Shy loser Diego wakes up after an accident and has been transformed into Tony T. a smooth-talking no-holds-barred stuntman. Suffering from a case of Frontal Syndrome he's the perfect ...
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Dirk van Dijck
Shy loser Diego wakes up after an accident and has been transformed into Tony T. a smooth-talking no-holds-barred stuntman. Suffering from a case of Frontal Syndrome he's the perfect case-study for young neurologist Jaana. Everyone hopes that Diego will soon recover, accept for Diego himself. Written by
Can Tony T. Forget Timid Diego Ever Existed and Find True Happiness ?
Exciting new film-making talent Pieter Van Hees fulfills and surpasses the expectations raised by his sensational feature debut LINKEROEVER. Advance information had caused a flurry of raised eye-brows however. A dark farce starring controversial Flemish stand-up comedian and TV personality Wim Helsen ? Would Helsen just extend his nerdy small screen persona to fit the multiplex or was there really a whole other side to him he and Van Hees could catch us off guard with ? Tantalizingly, the answer's a bit of both
Doormat to his stuntman brother Cisse (Robbie Cleiren with a fearlessly dumb two-tone hair-do), for whom he engineers the death-defying logistics that allow him to shine as daredevil on a local cop show, painfully shy Diego (Helsen) finds himself pressed into duty when his sibling winds up with a broken arm. Jumping out of a third story window at the wrong moment, he misses his mark and lands on his head, passing out and rushed to the emergency room. Regaining consciousness, he doesn't seem to have suffered much from the fall but claims he feels "sexy" and demands being called Tony T. Respected brain surgeon David Vandewoestijne (angular Peter Van den Begin, oozing subtle menace) and his fawning grad student Jaana (lovely Kristine Van Pellicom) suspect that Diego may be suffering from frontal lobe syndrome where a blow to the head can radically alter someone's personality a genuine affliction, by the way and urge him to take further tests in preparation for what they consider an inevitable operation that would "restore" him to his former self.
Rampaging his way to the top of the stunt-performing profession as well as eclipsing his brother's womanizing skills, Tony T. hardly wants to go back to being mild-mannered Diego, the guy everyone loves to ignore. Still, Jaana has caught his eye and if she wants to hang out and study his behavior, that's fine by him. Family and friends start seeing him in a whole new light, and in a sly fashion that's just what Van Hees has accomplished with Helsen, responding with initial delight turned sour when they realize they can't push formerly meek Diego around anymore. Is the director perhaps offering a dark yet truthful comment on how people seek to idolize certain personalities in media or world politics but, once established, can't wait to tarnish those same self-created icons ? The unlikely yet oddly persuasive romance that grows between Tony and the conflicted Jaana, torn between what the medical community considers Diego's best interests and the man she's falling for, might just prove to be this year's sucker punch love story. The disco sequence where Jaana first discovers her attraction to Tony, only to be cut off at the knees because of his unintentionally withering response (which I will let you find out for yourselves but, trust me, it's a classic), all set to Spanish girl group Paradisio's insanely infectious Bailando, consolidates the young director's unerring eye (and ear) for pure cinema that grabs hold of an audience on both the aesthetic and emotional level.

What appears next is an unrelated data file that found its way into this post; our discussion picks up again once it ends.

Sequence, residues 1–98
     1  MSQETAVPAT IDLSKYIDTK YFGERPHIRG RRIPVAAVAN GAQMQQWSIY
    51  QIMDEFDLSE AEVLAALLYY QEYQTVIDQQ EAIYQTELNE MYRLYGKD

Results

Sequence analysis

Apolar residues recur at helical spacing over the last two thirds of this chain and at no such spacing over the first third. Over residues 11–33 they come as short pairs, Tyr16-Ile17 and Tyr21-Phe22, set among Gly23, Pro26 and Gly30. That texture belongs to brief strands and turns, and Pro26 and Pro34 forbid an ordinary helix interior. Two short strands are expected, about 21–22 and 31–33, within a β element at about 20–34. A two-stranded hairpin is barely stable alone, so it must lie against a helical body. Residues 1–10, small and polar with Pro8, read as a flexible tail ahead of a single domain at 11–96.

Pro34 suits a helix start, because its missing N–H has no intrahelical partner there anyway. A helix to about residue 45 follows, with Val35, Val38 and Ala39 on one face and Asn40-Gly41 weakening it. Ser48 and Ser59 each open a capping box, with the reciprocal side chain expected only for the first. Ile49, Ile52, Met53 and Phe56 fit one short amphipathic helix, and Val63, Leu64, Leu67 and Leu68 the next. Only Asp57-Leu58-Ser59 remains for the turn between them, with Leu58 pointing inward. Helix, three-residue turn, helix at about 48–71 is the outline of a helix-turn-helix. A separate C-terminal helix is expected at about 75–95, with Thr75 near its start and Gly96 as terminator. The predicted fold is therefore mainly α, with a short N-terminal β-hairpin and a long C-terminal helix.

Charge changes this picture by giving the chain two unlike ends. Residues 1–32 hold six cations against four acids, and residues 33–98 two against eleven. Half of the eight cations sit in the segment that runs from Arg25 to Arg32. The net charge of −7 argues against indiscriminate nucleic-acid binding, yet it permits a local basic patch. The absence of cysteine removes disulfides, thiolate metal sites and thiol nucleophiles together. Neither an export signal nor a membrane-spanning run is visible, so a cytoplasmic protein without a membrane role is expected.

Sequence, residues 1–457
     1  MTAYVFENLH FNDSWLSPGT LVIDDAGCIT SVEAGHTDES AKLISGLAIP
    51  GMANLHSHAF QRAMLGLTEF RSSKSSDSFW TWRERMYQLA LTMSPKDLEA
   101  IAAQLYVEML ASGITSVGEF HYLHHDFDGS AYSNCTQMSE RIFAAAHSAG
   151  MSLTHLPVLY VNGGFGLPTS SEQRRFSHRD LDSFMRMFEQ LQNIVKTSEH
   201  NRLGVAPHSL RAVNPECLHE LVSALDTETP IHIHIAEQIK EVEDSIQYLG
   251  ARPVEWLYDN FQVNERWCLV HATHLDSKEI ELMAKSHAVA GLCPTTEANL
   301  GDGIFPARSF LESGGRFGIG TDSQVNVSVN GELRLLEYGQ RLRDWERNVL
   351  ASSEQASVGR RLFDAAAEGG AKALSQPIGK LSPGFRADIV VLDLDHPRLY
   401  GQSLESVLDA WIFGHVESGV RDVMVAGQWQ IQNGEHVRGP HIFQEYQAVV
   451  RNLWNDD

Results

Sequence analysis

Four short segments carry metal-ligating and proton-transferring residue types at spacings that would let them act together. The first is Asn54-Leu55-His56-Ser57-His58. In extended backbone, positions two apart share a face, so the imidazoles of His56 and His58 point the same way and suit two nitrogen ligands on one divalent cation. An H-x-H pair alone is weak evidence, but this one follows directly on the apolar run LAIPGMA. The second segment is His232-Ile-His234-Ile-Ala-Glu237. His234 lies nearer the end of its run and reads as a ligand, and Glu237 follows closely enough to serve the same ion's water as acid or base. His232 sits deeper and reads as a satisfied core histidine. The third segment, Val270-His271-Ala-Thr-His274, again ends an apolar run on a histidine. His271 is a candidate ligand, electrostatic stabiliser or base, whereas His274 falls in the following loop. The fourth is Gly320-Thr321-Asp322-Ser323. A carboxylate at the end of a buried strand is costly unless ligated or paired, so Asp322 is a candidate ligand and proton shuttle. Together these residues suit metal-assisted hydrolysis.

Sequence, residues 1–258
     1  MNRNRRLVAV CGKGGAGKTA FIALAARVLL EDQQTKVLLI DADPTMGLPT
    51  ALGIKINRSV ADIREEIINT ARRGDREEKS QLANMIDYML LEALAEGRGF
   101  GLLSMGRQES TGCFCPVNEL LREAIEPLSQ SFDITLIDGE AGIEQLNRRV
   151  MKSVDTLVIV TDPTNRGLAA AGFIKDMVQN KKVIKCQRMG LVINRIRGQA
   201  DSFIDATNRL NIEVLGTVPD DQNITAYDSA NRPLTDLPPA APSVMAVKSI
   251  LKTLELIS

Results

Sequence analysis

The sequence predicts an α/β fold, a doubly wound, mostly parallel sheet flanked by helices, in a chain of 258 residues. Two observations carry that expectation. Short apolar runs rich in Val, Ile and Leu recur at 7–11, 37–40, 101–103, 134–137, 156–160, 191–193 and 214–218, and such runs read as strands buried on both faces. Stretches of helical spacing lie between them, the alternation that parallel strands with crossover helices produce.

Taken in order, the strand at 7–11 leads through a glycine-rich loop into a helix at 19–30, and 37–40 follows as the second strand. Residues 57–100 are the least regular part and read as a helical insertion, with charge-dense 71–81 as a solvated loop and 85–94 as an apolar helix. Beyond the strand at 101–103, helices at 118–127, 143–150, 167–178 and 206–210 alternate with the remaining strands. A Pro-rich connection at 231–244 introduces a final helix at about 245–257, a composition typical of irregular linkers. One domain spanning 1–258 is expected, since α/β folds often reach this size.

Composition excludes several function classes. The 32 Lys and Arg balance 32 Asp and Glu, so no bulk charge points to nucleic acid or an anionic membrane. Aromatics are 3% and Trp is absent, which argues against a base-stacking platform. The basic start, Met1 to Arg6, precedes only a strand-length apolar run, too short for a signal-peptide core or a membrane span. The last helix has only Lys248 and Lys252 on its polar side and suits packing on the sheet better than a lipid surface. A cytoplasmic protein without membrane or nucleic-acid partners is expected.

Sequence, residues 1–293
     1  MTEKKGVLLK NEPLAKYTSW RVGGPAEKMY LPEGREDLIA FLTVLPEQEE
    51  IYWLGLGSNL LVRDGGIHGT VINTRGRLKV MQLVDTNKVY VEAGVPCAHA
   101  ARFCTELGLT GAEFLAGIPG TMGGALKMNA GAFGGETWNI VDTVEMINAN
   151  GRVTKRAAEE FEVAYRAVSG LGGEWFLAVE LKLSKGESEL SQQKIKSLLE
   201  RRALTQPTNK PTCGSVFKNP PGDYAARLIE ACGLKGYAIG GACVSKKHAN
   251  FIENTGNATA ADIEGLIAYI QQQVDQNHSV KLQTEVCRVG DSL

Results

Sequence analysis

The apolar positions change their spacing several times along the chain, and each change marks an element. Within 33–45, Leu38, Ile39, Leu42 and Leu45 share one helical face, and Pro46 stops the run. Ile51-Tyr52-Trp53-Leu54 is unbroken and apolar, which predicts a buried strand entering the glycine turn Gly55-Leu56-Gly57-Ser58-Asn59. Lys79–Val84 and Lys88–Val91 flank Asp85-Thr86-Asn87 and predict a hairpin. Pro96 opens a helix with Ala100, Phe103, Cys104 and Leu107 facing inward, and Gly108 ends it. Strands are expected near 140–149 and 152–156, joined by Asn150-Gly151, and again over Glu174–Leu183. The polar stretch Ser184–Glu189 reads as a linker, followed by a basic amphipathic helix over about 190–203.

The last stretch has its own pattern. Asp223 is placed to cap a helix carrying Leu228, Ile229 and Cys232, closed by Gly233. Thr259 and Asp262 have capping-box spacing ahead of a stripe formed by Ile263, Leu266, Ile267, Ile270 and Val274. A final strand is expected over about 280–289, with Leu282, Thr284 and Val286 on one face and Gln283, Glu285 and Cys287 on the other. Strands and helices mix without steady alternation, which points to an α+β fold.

Shot in a coarse, grainy fashion punched up by the primary colors of Tony's bold outfits by stalwart DoP Jan Vancaillie, who did a similarly splendid if stylistically entirely different job on Frank Van Passel's underrated VILLA DES ROSES, DIRTY MIND defiantly dares viewers to re-evaluate their concepts of taste and beauty, uncovering unexpected warmth beneath its gaudy exterior. The second installment in a proposed trilogy of love and pain, its concluding chapter currently tentatively titled WASTELAND as of this writing, this is as eloquent an exploration of the human condition as my country's cinema has yielded of late. Van Hees' screenplay is both literate and compassionate, frequently funny yet tinged with tragedy as characters attempt to combat loneliness and encroaching alienation in apparently absurd ways, and the cast mostly familiar from extensive TV work handles each line and nuance perfectly. Helsen may be the star attraction, and he's absolutely perfect in the (double ?) role, but this is far from a one man show. The previously underwhelming Van Pellicom, who I was unfortunately most familiar with from Paul Cox' disastrous geriatric romance INNOCENCE where she portrayed the younger version of the dreary heroine in clumsy flashback footage, really lights up the screen and always welcome character actress Sien Eggers delivers a heartbreaking turn as Diego's long-suffering mother whose comment to Jaana at the graveyard, responding to the girl's comment on how you can be perfectly happy living on your own, perfectly encapsulates the film's theme and presumably Van Hees' personally held ideology.
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